Essays in empirical industrial organization

Allocca, Alessandra

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URN: urn:nbn:de:bsz:180-madoc-559529
Document Type: Doctoral dissertation
Year of publication: 2020
Place of publication: Mannheim
University: Universität Mannheim
Evaluator: Sovinsky, Michelle
Date of oral examination: 13 August 2020
Publication language: English
Institution: School of Law and Economics > Empirische Industrieökonomik, Angewandte Gesundheitsökonomik (Sovinsky 2015-)
License: CC BY 4.0 Creative Commons Attribution 4.0 International (CC BY 4.0)
Subject: 330 Economics
Keywords (English): Empirical Industrial Organization , Team Formation , Common Ownership , Sin Goods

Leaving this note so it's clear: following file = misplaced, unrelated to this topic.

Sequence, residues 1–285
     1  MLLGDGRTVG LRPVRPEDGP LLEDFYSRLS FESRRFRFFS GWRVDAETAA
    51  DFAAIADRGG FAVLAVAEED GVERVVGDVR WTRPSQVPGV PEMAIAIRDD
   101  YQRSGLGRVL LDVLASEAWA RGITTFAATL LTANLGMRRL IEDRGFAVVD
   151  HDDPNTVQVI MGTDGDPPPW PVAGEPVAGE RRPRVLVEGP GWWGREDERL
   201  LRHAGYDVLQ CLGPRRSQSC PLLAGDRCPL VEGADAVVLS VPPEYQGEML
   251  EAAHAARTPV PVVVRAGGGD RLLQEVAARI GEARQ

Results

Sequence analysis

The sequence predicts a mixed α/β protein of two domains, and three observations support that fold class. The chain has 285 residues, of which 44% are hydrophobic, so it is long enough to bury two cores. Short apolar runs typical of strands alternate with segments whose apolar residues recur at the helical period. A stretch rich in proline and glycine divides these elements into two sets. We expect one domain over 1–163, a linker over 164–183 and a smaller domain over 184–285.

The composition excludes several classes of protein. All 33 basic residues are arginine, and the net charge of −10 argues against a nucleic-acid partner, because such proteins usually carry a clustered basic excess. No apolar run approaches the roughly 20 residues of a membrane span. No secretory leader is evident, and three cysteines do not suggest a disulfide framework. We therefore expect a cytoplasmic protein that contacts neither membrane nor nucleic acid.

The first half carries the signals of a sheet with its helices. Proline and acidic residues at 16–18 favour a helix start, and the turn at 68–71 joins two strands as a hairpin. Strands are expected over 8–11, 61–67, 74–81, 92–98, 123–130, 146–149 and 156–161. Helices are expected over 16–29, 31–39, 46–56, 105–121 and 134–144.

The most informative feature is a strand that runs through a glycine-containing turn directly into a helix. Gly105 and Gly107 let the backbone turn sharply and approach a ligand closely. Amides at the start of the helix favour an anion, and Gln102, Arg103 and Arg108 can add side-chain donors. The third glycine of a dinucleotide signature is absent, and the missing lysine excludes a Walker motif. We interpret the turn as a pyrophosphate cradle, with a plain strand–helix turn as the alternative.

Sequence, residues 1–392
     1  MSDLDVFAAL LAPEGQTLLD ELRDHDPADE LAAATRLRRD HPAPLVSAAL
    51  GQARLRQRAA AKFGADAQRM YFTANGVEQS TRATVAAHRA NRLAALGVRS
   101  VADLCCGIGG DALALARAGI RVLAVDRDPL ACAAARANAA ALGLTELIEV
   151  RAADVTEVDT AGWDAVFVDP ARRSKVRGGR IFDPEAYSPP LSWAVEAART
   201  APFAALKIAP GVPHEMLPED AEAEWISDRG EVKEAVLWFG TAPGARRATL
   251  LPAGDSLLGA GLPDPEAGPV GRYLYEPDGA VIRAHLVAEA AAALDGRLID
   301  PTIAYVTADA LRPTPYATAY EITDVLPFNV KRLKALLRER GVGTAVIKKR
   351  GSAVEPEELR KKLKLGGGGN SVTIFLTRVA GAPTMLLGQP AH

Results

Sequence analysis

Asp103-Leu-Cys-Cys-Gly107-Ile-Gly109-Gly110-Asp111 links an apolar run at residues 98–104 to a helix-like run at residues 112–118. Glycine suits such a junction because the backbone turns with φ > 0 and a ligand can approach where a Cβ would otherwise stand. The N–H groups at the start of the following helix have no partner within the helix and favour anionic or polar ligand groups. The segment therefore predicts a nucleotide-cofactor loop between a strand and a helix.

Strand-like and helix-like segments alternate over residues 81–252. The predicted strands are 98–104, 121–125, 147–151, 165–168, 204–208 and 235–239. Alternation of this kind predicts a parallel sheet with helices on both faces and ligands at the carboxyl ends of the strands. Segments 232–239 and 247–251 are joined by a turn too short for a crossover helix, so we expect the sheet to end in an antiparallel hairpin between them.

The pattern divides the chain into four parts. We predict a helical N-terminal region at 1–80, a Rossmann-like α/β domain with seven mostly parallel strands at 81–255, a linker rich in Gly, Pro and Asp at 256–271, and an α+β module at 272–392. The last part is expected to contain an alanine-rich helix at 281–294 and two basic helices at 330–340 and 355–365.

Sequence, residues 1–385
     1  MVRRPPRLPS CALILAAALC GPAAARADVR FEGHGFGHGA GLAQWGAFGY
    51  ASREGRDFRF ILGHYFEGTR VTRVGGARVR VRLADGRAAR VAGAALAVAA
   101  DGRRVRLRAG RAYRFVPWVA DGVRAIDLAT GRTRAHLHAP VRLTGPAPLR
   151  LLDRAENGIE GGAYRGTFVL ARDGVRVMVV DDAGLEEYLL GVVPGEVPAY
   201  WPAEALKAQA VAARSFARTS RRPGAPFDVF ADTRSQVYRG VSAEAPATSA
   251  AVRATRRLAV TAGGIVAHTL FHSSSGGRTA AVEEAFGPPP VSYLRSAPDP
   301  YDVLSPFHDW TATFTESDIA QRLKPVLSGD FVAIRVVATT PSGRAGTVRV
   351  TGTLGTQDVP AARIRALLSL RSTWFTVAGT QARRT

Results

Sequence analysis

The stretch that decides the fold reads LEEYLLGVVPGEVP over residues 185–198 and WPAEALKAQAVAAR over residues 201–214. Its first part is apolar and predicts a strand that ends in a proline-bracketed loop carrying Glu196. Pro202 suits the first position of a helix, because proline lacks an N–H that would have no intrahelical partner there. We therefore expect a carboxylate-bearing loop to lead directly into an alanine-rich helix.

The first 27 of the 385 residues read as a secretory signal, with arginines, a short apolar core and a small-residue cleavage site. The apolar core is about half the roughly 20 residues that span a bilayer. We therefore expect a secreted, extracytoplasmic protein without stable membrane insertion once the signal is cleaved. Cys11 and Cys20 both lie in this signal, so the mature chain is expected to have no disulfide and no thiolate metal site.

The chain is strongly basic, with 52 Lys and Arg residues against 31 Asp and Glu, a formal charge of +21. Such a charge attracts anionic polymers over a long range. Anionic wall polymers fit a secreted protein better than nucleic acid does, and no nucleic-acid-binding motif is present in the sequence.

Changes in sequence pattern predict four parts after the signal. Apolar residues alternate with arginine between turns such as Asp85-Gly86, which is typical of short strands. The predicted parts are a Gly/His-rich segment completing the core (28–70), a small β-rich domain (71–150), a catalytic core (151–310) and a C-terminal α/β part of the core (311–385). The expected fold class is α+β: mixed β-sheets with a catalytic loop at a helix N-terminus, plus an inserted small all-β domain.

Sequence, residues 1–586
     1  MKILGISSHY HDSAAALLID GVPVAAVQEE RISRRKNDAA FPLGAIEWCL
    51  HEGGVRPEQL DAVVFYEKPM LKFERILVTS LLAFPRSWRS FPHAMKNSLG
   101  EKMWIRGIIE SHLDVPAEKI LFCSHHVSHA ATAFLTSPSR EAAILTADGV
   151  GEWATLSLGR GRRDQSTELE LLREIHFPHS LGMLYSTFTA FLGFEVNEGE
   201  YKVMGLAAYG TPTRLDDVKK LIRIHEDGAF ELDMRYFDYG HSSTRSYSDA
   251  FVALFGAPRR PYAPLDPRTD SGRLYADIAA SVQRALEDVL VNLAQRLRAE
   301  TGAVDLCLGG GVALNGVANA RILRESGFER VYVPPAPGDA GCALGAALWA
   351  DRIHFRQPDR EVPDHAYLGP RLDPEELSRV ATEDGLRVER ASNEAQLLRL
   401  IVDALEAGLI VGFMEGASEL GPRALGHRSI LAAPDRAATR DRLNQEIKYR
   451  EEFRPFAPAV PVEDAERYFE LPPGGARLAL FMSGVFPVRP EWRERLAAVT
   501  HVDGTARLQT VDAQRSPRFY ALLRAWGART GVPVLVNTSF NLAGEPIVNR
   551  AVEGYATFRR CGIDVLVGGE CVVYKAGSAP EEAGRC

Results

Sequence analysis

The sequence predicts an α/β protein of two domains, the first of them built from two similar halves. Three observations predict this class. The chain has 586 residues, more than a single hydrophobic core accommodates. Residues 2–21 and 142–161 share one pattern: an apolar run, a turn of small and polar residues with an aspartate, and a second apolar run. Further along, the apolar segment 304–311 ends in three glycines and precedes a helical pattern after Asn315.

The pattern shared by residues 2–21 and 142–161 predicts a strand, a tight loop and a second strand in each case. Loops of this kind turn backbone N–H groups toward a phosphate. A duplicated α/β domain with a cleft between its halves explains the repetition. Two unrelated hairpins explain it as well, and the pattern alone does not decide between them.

Abstract: The field of empirical industrial organization uses data to analyze the structure of industries in the economy by measuring the parameters that drive the behaviors of firms and consumers in these industries. Part of the literature focuses on markets in which firms interact in an imperfectly competitive setting. Research in this field heavily relies on models with a game-theoretic foundation. Many market structure models endogenize the number of firms entering a market. Not only industries but also other types of organizations operate through interactions among their members and can be analyzed with analogous game-theoretic models. The underlying hypothesis is that agents making a certain decision receive a non-negative payoff, conditional on the expectations or actions of other (potential and actual) agents acting in the same environment. These considerations have been crucial in shaping the first two self-contained chapters of this dissertation. In the first chapter, I study the workers' decisions of joining teams within an important scientific experiment. In the second chapter, joint with Laura Grigolon, we provide empirical evidence of the link between common ownership and firms' decisions of entering markets in the Ontarian cancer drug industry. The fact that decision-makers operating in a strategic environment have in expectation non-negative payoffs is parallel to revealed preference arguments at the basis of discrete choice models of consumer behavior. As in the market entry literature, consumers' choices are interpreted as revealing something about an underlying latent utility. By observing how consumers’ decisions change, as their choice sets and market conditions change, one can gain insight into the underlying determinants of consumers' preferences. In the third chapter, joint with Liana Jacobi and Michelle Sovinsky, we analyze the potential complementaritarities in consumption of the so-called sin goods (marijuana, alcohol and tobacco) taking into account persistence in behavior. For the development of this dissertation, I rely on rigorous descriptive analyses and the development and estimation of structural models. With these approaches, it is possible to give informed assessments to policy-makers and in the case of structural models to quantify the impact of feasible policy changes. In Chapter 1, I present an empirical structural model that quantifies the main drivers of endogenous team formation and team performance when the allocation of individuals to teams is decentralized. Many companies currently adopt decentralized approaches to production. These arrangements are widespread in scientific institutions, as fellow researchers typically collaborate on a voluntary basis. The emergence of such arrangements poses several challenges to an economist. First, it is important to understand which elements drive the decision to join projects. Second, it becomes critical to develop tools to correctly measure the performance of teams when the decision to participate in projects is endogenous. These steps are fundamental to assess if decentralization is desirable to obtain successful outcomes with a larger probability. To address these challenges, I use unique data from Virgo, an international collaborative experiment in science. Researchers involved in Virgo choose which project(s) to work on. For the analysis, I use the information on projects' characteristics, outcomes, and participants. I develop and estimate an entry game with incomplete information where heterogeneous agents decide simultaneously whether to join a project. The payoff of joining depends on exogenous project characteristics, including a measure of ex-ante quality, and the expectation on the actions of potential project-mates. Strategic complementarities and substitutabilities can arise in this setting as workers might find beneficial or detrimental to work with others. I measure project outcome in terms of probability of project completion. I find that the pool of expected project-mates drives the decision to join a project while project quality is less important. The larger the pool, the lower the probability of joining a project, as a consequence of the congestion effect due to increasing coordination and communication costs. Heterogeneity in researchers' characteristics explains the selection into projects. I show that controlling for both projects’ ex-ante quality and endogenous project participation matters for obtaining unbiased estimates of teams’ performance. Finally, I consider a counterfactual centralized mechanism in which strategic interactions have no value. I find that this alternative allocation leads to excessive project participation and decreases the probability of project completion. Hence, adopting a decentralized mechanism of project allocation within a firm can be more efficient because workers internalize the costs and benefits of working with each other. In Chapter 2, joint with Laura Grigolon, we document the features of a highly innovative industry characterized by a concentrated ownership structure, the Ontarian cancer drug industry. The analysis has the objective of studying the effect of common ownership on the decision of generic producers to enter the market. Common ownership, namely the practice for large institutional investors of owning stakes in competing firms, has raised the attention of antitrust scholars because the degree of common ownership grew in recent years. Some empirical studies show that it has a large effect on the strategic behavior of companies held by institutional shareholders. Common ownership linkages are a well-established feature of many industries, including the cancer drug industry, for which hospital and public drug program spending in Ontario is dramatically increasing over time. These factors make it an appealing setting to understand the consequences of the common ownership phenomenon. We use unique data on the timing of cancer drug entry in the market (branded and generics) and collect information on patents, drug approvals, and drug indications. We complement our dataset by gathering ownership data mainly from 13F filings. With these data, we empirically assess the presence of common ownership and quantify which components mainly drive the link between common ownership and market entry. In particular, we show that investors' concentration plays an important role in defining common ownership in the years before the entry of a generic in the market. Common ownership may have anticompetitive effects and be harmful to welfare. With the results of this paper, we make the first important step in identifying the target of eventual policy interventions to reduce this practice, for this industry as well as for other innovative industries characterized by a high level of concentration. In Chapter 3, joint with Liana Jacobi and Michelle Sovinsky, we analyze the potential complementarities in use when individuals choose to consume bundles containing marijuana, alcohol, or cigarettes (sin goods), taking into account persistence in consumption for these substances. Two-thirds of Americans are in favor of marijuana legalization. This substance, however, might be consumed in combination with other substances, such as alcohol and tobacco. Moreover, past use of one of the substances might have consequences for the consumption of that substance and other sin goods, especially if one considers complementarity in consumption. Therefore, it is important to understand whether consuming marijuana affects the consumption of other substances and what changes when one considers the potentially addictive nature of these products. We develop and estimate a dynamic model of multi-substance use allowing for persistence in behavior. For the empirical analysis, we uniquely combine data from two primary sources. The first are individual-level panel data from the Panel Study of Income Dynamics (PSID) survey, which contains information on demographics and consumption behaviors of young adolescents in the US. The second source are pricing data for marijuana, alcohol and cigarettes collected from administrative tax data and transaction data. Our parameter estimates show that it is important to account for correlation across unobservables and persistence in behavior when analyzing the decision of using the sin goods in combination. Moreover, we find that the past use of a substance influences not only its current use but also the decision of using the substance together with other substances. Our results provide insightful information on the long-run effect of marijuana legalization for the concurrent and future consumption of potentially substitutable products.